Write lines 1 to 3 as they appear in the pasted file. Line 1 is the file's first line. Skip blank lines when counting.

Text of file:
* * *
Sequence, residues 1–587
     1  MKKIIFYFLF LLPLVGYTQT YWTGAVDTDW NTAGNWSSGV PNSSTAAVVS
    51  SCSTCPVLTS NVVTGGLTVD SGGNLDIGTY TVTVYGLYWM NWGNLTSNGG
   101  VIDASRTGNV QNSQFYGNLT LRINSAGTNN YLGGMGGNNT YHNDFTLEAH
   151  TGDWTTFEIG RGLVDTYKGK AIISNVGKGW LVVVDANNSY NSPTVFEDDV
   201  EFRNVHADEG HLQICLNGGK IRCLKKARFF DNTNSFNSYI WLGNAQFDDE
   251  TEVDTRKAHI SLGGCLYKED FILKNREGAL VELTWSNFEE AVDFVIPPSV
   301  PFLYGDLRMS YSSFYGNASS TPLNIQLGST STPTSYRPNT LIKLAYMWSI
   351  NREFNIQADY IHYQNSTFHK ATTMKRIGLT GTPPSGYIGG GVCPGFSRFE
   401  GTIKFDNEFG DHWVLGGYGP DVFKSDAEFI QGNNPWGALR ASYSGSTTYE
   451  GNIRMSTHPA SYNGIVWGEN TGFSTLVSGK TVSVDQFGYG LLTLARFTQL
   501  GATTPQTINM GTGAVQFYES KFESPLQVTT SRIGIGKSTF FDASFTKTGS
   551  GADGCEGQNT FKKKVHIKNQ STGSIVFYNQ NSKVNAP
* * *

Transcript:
Sequence, residues 1–587
     1  MKKIIFYFLF LLPLVGYTQT YWTGAVDTDW NTAGNWSSGV PNSSTAAVVS
    51  SCSTCPVLTS NVVTGGLTVD SGGNLDIGTY TVTVYGLYWM NWGNLTSNGG